An Unusual Late Winter Tornado Outbreak in Western and Central Oklahoma

Meteorological Synoptic Analysis

On the afternoon and evening of February 26, 2023, an outbreak of severe weather erupted across portions of the Southern Plains. Most of the severe weather, which included 15 tornadoes, developed initially in the late afternoon across the Texas Panhandle before tracking into Southwest Kansas, Western and Central Oklahoma by late evening and then eventually moving into western Missouri shortly after midnight. At least 9 tornadoes occurred in OK based on preliminary information from the Storm Prediction Center , which shattered the previous February record of 6 tornadoes in OK back in 1975 and 2009. Figure 1 is a preliminary map of the confirmed tornado damage across Central OK from the NWS in Norman.
The storm environment was primed as the result of a dynamic, negatively tilted mid and upper level shortwave trough of low pressure ejecting out of the southwestern U.S., which was accompanied by a belt of strong winds of 65-75 kts at 500 mb by 0000 UTC on 2/27/23 across portions of the southern plains. The extreme wind shear from low to mid levels produced enlarged hodographs possessing 74 kts of shear from the surface (SFC) to 6 km and 563 m2/s2 of storm relative helicity (SRH) in the SFC to 3 km layer, due to both speed shear and impressive direction shear. SRH from the SFC to 1 km was very impressive at 427 m2/s2 based on the observed 0000 UTC Norman, OK (OUN) sounding (Figure 3) which allowed thunderstorm updrafts to rotate quickly. At the surface, there was a warm front lifting northward across southern Oklahoma ahead of the main cold frontal boundary and surface low in TX panhandle and western KS. (See analyzed surface map in Figure 2).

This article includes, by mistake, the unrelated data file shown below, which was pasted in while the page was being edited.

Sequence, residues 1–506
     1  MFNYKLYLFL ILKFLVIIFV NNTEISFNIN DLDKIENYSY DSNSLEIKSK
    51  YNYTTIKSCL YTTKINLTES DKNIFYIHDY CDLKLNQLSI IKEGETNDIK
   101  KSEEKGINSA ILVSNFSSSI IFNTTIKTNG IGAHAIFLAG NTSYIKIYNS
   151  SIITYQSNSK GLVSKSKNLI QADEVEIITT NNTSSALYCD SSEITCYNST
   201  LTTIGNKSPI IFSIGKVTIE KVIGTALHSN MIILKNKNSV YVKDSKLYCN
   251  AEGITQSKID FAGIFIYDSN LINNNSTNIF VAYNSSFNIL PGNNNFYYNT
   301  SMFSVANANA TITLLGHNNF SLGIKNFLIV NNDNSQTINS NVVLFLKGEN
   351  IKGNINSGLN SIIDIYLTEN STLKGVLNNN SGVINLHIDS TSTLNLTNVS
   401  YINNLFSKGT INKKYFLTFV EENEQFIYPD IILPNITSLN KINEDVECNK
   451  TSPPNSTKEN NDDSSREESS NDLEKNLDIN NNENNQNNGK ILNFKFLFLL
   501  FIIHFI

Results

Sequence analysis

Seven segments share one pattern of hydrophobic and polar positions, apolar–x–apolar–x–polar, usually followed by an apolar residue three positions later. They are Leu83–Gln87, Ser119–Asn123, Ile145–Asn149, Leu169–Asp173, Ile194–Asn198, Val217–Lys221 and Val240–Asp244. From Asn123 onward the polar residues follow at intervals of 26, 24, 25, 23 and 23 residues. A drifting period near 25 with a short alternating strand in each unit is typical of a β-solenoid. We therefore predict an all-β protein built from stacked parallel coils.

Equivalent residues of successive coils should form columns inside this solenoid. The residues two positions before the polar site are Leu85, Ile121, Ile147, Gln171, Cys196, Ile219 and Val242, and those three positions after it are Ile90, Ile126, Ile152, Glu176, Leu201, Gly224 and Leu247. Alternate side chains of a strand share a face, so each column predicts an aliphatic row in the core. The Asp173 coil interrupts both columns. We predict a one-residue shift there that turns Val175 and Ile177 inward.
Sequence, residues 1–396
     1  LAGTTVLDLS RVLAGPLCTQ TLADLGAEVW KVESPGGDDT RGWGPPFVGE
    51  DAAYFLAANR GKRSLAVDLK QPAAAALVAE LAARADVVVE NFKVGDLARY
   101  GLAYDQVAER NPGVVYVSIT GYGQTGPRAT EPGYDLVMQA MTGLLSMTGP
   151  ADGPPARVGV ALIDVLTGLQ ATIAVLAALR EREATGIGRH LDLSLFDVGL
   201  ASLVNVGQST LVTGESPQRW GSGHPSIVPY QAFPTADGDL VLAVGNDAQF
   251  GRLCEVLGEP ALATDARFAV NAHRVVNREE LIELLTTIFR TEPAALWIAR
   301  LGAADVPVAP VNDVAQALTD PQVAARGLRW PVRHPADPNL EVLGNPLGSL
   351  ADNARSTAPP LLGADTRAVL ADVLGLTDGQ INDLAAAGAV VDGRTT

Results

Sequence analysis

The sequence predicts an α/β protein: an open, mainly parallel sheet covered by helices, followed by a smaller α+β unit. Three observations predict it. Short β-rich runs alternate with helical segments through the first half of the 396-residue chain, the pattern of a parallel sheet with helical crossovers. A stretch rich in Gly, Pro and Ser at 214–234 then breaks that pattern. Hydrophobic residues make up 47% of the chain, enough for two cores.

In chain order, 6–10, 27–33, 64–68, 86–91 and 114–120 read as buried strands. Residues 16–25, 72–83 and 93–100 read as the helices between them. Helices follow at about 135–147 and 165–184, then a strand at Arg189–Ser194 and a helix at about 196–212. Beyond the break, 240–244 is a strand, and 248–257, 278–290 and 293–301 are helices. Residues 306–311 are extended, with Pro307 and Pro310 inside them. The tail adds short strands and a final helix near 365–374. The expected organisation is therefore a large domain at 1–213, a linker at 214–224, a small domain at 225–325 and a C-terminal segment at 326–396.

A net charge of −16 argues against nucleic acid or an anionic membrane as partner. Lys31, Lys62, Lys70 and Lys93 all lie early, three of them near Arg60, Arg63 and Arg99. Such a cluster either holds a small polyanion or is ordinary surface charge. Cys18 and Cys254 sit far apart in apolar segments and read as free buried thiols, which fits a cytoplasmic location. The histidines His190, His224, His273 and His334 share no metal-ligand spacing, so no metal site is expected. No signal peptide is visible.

Figure 2. Surface analysis at 0000 UTC 2/27/23 (From: NOAA/WPC)

Figure 3. Observed 00Z upper air sounding from Norman, OK (OUN) on 02/27/23

The low-level moisture had been gradually increasing throughout the day across OK as the warm front was lifting northward with 60 deg F dewpoints observed at OUN by 0147 UTC. Surface temperatures had also increased but never got above 65 deg F even by the time storms approached central OK. Thus, surface-based instability was very limited and parcels were being lifted from above the capping inversion which extended to approximately 3 km. (Note: MUCAPE = 701 J/Kg). Updraft helicity (UH), defined as the vertical integral of the product of vertical velocity and vertical vorticity between two levels, is commonly used as a proxy for mid-level rotation potential in supercells.